Last night for the first time in a long time, I thought about blowing off my commitment to 15 minutes of Product Time. The day hadn’t gone as planned and I’d let other commitments take precedence, so Product Time didn’t start when I scheduled it. It was late in the evening, I was tired and whiny and quite frankly in the middle of one of my least favorite writing tasks (transcribing an interview – I love interviewing people, I really enjoy crafting the transcription into a cohesive piece, but the transcribing is just torturous). I just didn’t feel like writing.
Fortunately, my Loft Writing Habit class starts this Friday and I couldn’t imagine going into to the first class and admitting I hadn’t honored the commitment I encourage all my students to keep. So I reminded myself that I only had to do 15 minutes, that I didn’t have to finish the whole transcription, I didn’t even have to transcribe at all.
I decided to start with an email I’d received from my writing buddy Jean (the one who wrote that outstanding poem Synaptic Jazz). She’d attached a New York Times article with this note: “Made me wonder whether the ‘habit-forming’ aspect applies to writing and your book. A bit of a stretch, but it was an interesting read in any case.”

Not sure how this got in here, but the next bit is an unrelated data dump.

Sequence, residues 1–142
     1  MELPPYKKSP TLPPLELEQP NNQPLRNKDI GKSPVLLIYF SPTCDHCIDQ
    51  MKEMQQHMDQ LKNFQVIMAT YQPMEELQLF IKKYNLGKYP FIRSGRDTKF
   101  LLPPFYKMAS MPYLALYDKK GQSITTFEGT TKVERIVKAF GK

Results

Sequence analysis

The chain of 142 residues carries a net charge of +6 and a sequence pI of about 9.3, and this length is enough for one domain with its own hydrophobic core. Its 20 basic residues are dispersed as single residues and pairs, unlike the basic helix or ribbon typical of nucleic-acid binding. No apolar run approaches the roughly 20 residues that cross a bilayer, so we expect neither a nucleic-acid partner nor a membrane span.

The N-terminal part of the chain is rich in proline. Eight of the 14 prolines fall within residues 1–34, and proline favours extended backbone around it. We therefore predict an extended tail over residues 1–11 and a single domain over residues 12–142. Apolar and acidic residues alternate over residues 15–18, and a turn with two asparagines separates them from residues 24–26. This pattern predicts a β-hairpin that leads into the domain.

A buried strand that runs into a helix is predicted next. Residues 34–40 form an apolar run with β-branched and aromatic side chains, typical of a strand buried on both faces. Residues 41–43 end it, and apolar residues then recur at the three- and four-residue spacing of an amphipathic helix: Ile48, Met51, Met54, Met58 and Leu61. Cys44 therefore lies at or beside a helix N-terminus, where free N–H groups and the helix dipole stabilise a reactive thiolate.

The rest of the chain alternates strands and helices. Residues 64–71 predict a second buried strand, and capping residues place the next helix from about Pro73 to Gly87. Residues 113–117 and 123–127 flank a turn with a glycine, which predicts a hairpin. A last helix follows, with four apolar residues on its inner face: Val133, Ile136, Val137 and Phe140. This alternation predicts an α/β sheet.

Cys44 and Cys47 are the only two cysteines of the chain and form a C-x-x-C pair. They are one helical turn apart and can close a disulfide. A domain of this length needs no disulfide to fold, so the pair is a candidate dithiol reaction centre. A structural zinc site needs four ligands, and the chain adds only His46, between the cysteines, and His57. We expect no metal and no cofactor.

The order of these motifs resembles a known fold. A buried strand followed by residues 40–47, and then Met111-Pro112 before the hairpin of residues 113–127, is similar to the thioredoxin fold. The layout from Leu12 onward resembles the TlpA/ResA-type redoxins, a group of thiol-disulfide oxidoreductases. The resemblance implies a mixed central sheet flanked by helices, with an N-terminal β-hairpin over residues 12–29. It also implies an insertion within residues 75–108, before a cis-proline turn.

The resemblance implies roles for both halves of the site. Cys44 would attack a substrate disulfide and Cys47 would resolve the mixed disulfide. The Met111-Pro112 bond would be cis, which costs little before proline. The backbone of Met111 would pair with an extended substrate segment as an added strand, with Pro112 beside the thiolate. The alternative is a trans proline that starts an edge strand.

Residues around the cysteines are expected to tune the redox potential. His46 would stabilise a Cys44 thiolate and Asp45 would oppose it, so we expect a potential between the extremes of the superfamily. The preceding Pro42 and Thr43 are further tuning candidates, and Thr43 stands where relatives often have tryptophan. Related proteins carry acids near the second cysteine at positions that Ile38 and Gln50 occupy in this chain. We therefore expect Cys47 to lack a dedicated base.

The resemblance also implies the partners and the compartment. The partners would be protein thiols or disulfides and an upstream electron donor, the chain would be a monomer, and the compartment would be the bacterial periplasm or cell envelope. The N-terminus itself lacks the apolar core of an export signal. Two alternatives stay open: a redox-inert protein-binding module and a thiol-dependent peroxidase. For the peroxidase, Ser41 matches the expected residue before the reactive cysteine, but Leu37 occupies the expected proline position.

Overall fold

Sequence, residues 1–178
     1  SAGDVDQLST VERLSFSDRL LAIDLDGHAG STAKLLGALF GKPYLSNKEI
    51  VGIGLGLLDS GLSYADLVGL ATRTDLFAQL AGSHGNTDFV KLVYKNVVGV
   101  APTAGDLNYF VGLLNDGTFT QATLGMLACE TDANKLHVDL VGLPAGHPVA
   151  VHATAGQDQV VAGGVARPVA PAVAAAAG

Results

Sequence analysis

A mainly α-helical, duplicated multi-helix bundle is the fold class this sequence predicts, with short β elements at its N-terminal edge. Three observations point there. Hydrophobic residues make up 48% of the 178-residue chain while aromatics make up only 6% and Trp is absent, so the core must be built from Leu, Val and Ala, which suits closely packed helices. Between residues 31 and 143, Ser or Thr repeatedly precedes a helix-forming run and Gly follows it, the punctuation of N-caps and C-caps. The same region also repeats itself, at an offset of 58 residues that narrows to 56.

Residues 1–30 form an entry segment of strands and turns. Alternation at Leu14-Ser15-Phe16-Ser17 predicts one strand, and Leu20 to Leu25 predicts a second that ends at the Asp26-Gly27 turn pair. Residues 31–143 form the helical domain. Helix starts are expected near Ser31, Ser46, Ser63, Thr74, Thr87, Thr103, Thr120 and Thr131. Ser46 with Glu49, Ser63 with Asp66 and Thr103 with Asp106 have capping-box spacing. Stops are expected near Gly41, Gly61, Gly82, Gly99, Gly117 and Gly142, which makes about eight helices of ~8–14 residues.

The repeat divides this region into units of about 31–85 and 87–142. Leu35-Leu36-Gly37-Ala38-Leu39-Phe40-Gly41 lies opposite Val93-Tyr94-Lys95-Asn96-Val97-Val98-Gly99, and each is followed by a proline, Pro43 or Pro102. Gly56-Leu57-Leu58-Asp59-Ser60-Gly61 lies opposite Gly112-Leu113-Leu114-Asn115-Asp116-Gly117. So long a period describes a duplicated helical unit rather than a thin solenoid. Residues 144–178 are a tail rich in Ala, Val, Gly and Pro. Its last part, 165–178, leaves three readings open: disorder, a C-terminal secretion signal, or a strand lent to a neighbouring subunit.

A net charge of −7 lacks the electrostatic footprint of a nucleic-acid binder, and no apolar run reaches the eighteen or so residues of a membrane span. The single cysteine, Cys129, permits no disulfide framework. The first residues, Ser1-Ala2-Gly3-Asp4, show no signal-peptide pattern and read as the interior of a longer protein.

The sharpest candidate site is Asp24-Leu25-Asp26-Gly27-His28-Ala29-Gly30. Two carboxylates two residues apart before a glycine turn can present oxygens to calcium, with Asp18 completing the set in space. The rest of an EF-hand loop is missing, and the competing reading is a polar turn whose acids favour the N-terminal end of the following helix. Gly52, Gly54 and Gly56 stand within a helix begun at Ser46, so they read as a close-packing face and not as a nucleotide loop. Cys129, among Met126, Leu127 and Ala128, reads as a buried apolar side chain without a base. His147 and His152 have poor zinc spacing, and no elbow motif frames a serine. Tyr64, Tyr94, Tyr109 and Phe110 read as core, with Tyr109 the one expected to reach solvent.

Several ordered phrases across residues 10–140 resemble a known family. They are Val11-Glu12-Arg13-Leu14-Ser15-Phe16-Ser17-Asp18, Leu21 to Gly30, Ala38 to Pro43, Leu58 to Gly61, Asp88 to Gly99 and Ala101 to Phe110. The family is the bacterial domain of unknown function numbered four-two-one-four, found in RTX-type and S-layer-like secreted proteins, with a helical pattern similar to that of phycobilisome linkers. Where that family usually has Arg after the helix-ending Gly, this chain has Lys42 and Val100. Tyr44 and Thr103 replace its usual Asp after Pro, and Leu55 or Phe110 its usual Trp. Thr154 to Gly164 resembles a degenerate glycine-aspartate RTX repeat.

Jean understated it a bit. The article wasn’t just interesting, it was exactly what I needed for a Brain Factoid for Chapter 10! (For those of you keeping track, I finished Chapter 9 on the target date of January 15.) I hadn’t even realized I needed this information. This was synchronicity working at its best.
The gift of having a writing habit is that we show up even when we don’t feel like it. And the gift of showing up even when we don’t feel like it is that putting in our time puts us in position to receive something unexpected and wonderful.
Johann Wolfgang von Goethe said it best:
“Until one is committed, there is hesitancy, the chance to draw back, always ineffectiveness. Concerning all acts of initiative and creation, there is one elementary truth the ignorance of which kills countless ideas and splendid plans: that the moment one definitely commits oneself, then Providence moves too.
“All sorts of things occur to help one that would never otherwise have occurred. A whole stream of events issues from the decision, raising in one’s favor all manner of unforeseen incidents, meetings and material assistance which no man could have dreamed would have come his way. Whatever you can do or dream you can, begin it. Boldness has genius, power and magic in it. Begin it now.”